Since there are many indigenous traditions that involve the practice of shamanism it is not easy to find a common definition of the term. One element however, that seems to lie at the core of all shamanistic traditions, is a practitioner reaching an altered state of consciousness in order interact with the realm of spirit.
While this state of trance is often reached through the ritualistic use of psychedelic plants, their ingestion is not a necessary condition for it. In some traditions the desired state of mind is reached via rhythmic drumming, dancing, fasting, hyperventilation and even self injury.
History of Shamanism
The word „shaman“ stems from the Evenk language of North Asia and literally means „one who knows“. Archeologists suspect that the origins of shamanism have come about during the Paleolithic period and my thus predate all organized religions. This theory is supported by cave drawings, such as the depiction of a half man half animal type creature, which supposedly shows a shaman entering into spirit world.
It is theorized that hunter-gatherer type societies have developed the practice of shamanism as a magic practice to ensure a steady supply of game to the tribe. Some historians have argued that shamanism played a part in many of the pre-Christian religions of Europe as well. According to their theories shamanic elements may have survived in popular culture right through to the Early Modern period.
Whether this was the case or not, the concept of shamanism became more widely known in Western cultures when Russian forces conquered the Shamanistic Khanate of Kazan in 1552. When Western scholars learned more about the religious traditions in other parts of the world, similar magico-religious practices as exercised by indigenous peoples in Asia, Africa, Australasia and the Americas were also described as shamanism.
The Shamanistic Belief System
Even though there have been many forms of shamanism throughout the world, Eliade (1972) identified some shared beliefs that are common to all of them:
- Spirits exist and strongly influence individual lives as well human society at large
- Spirits can be benevolent or malevolent
- While in trance, the shaman’s spirit can leave his body to enter the supernatural world
- Within spirit world, the shaman can interact and communicate with the spirits therein
- Answers to earthly problems can be found in spirit world
- The shaman can treat sickness caused by malevolent spirits
- The shaman can perform acts of divination
- The shaman can evoke animal images as spirit guides and message-bearers
All of these basic beliefs paint a picture that is radically different from the worldview of Western science. In the view of shamanistic cultures the physical world is much more complex than we think. According to the shamans, there is an otherworld interpenetrating physical existence that is inhabited by intelligent spirits. Even though these spirits are normally intangible as well as invisible to us, the shamans say that all humans constantly interact with them; be it actively or passively.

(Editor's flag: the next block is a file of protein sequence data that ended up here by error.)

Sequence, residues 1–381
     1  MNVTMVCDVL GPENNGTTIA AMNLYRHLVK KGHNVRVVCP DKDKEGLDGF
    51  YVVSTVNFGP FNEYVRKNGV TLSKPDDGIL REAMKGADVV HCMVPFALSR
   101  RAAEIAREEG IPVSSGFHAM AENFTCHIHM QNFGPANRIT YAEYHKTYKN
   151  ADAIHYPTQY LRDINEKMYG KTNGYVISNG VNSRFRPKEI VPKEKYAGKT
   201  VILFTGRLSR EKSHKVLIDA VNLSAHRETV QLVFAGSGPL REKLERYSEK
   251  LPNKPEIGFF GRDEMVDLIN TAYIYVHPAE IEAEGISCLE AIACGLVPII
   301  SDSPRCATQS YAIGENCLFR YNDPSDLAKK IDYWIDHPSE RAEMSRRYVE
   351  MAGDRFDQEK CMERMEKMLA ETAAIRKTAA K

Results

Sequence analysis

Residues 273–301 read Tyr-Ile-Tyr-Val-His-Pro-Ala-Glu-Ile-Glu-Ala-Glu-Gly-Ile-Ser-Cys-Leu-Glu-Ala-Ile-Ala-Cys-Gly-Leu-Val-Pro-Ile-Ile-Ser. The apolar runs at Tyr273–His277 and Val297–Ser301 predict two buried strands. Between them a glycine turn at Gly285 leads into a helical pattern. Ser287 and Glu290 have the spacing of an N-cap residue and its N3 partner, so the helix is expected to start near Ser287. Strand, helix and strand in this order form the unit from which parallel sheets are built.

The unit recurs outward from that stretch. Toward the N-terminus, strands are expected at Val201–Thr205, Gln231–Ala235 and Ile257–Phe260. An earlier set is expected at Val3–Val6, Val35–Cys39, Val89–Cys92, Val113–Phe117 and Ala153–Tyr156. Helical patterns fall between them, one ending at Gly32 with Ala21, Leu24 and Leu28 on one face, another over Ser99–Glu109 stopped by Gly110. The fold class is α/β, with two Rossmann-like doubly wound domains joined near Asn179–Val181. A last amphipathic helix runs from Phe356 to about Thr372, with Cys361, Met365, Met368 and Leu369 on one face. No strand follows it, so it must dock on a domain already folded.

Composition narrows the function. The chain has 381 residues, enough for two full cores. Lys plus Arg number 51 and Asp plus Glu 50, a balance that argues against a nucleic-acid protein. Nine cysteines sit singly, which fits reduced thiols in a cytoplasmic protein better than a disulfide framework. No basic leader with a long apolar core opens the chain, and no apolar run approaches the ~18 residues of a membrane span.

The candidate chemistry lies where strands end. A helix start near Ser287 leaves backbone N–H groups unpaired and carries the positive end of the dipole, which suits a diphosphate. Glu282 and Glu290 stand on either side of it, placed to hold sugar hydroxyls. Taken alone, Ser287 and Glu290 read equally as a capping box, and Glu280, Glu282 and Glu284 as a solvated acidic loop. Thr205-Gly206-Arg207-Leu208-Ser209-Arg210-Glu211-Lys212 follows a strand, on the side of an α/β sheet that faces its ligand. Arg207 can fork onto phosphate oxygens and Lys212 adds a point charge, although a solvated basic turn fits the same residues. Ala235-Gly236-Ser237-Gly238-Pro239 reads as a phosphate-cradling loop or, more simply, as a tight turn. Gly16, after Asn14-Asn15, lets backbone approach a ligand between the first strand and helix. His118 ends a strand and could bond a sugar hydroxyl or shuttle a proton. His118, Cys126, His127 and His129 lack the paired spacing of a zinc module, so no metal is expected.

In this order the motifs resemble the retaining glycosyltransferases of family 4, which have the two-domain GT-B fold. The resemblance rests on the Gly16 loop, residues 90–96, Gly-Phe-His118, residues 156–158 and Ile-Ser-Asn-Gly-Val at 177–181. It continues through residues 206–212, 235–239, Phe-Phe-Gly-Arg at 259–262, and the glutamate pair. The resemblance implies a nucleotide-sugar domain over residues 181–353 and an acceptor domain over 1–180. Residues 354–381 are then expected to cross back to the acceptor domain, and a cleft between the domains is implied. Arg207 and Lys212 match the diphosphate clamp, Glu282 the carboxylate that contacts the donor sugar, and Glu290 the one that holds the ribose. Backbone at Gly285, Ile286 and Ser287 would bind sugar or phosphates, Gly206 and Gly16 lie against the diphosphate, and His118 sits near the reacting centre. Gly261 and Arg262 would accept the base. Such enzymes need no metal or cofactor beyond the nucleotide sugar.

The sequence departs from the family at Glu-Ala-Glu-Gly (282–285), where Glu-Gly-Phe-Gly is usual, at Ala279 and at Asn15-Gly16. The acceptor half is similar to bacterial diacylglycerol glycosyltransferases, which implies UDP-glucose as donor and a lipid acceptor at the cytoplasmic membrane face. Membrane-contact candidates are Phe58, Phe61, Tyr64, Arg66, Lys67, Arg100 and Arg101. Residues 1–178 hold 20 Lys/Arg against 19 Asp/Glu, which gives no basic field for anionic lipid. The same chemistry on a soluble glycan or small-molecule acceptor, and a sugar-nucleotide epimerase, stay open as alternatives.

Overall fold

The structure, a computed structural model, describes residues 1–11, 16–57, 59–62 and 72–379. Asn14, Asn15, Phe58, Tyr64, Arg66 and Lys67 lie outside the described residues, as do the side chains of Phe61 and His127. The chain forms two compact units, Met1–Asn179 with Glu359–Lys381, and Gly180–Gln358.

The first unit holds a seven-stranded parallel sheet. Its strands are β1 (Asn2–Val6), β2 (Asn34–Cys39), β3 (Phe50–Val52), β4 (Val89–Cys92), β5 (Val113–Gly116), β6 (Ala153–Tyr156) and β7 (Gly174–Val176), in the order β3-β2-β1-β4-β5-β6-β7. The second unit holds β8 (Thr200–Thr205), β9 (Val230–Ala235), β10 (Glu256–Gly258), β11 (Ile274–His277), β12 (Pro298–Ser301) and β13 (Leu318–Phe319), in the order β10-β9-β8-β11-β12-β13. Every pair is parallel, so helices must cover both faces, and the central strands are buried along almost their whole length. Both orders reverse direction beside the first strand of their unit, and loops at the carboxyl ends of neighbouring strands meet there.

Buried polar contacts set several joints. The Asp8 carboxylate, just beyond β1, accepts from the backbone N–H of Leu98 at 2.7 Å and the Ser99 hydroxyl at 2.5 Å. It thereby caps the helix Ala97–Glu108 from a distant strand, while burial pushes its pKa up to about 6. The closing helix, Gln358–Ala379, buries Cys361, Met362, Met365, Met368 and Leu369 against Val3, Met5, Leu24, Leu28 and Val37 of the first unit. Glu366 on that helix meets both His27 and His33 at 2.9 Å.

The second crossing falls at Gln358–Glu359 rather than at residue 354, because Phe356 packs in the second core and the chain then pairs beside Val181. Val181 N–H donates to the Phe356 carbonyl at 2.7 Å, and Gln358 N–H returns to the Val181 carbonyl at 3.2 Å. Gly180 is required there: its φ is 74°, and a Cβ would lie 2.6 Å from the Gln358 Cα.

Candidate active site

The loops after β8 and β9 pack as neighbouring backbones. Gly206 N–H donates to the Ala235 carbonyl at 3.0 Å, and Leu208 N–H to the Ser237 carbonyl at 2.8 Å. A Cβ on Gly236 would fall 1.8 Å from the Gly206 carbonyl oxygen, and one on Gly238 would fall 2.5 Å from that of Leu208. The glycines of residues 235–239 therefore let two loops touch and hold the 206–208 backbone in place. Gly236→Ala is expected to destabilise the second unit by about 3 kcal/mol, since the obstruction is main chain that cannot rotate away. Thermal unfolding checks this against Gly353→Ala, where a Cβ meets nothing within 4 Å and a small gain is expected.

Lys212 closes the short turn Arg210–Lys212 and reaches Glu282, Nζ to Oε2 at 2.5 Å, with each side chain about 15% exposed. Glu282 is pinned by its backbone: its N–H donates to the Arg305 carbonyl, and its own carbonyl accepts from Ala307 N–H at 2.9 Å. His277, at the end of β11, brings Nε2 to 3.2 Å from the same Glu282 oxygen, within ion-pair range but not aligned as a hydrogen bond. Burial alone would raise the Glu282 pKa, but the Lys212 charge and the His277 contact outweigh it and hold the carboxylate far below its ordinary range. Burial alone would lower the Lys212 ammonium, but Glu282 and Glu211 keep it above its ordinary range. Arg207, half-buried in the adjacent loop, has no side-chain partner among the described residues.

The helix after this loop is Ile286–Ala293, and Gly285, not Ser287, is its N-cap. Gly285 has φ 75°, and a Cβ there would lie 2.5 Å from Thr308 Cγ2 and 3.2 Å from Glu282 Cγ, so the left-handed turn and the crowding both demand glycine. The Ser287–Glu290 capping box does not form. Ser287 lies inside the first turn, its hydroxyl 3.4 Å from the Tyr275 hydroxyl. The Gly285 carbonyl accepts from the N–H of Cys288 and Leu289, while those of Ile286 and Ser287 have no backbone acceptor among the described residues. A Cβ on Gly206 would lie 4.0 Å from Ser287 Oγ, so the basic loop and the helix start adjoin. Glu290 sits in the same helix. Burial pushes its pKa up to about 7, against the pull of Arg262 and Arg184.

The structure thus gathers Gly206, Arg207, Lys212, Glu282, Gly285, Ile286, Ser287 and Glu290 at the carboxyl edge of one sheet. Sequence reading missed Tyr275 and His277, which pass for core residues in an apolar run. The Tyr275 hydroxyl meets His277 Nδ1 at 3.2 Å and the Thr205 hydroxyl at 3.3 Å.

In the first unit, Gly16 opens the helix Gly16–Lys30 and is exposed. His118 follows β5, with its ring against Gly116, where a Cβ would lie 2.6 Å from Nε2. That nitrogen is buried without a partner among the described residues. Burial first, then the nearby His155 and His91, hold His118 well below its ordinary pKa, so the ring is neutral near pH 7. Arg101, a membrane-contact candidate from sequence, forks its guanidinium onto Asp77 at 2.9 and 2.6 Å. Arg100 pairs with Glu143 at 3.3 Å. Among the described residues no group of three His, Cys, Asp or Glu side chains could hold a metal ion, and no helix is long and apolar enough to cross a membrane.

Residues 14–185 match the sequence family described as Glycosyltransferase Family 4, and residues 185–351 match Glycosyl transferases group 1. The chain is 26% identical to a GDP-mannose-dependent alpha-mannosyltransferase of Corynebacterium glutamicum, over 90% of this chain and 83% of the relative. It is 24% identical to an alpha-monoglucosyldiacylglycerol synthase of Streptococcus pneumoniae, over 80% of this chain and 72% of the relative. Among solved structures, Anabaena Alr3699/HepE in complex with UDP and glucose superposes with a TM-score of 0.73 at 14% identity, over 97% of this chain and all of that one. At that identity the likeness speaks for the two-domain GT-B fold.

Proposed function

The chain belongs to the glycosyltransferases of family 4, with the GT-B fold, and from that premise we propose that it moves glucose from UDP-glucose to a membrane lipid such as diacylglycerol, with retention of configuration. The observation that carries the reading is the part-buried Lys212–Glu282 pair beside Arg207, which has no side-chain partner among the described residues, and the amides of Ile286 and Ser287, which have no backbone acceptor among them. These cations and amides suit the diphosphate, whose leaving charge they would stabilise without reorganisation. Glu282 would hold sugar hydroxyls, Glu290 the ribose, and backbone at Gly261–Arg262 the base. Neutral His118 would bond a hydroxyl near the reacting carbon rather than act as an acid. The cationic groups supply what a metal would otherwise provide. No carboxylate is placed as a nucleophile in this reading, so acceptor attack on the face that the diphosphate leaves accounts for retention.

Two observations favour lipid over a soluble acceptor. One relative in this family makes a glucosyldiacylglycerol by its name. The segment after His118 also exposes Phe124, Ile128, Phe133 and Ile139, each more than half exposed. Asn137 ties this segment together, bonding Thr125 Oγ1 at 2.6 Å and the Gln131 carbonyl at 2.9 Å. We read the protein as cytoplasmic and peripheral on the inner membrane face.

Initiation into Shamanism – The Wounded Healer
In the shamanistic tradition, there is no other way of becoming a shaman than being called to do so. Typically shamans are called by dreams or signs. Another phenomenon, which has been described by Turner et al., is the so called „rite of passage“. This may involve psychological crisis as well as physical sickness. In fact, the archetype of the wounded healer, which some archeologists believe to be depicted in ancient cave art, is a common symbol of the shamanic journey and its pitfalls.
During his rite of passage the soon-to-be shaman is driven to the brink of death. There he is able cross over into the underworld and bring back information that is not just important to his patients, but to the tribe as a whole. In order to become a capable healer, a shaman must fully understand sickness. Therefore he himself must become sick and thus turn into the wounded healer. After the calling has been received, the apprentice shaman enters into a lengthy training period where he learns everything he needs to become a legitimate shaman.
Role of the Shaman within his Community
Since most humans are unaware of spirit world, the shaman has the special role to mediate between the physical and the spirit world. By accessing these realms, the shaman attains knowledge and healing power, which he can then bring back to the physical world. Since the insights that are attained in spirit world can be applied in many ways, a shaman can assume a number of roles within his society.
Probably the most well-known role of the shaman is the one as healer of the tribe. Since shamans usually have supreme knowledge of the pharmacological properties of plants and the ability to heal physical as well as psychological ailments, they are often described as “medicine-men”. This however is not the only role a shaman can fulfill. Fortune-telling, influencing weather patterns, influencing the movements of animals, managing the movement of souls from and to the underworld, fighting with spiritual enemies and finding the whereabouts of lost friends are all functions that a shaman can perform.
Would you like to know more about the techniques that shamans use to enter spirit world? Then go ahead and download my free E-Book “Shamanic Healing for You“.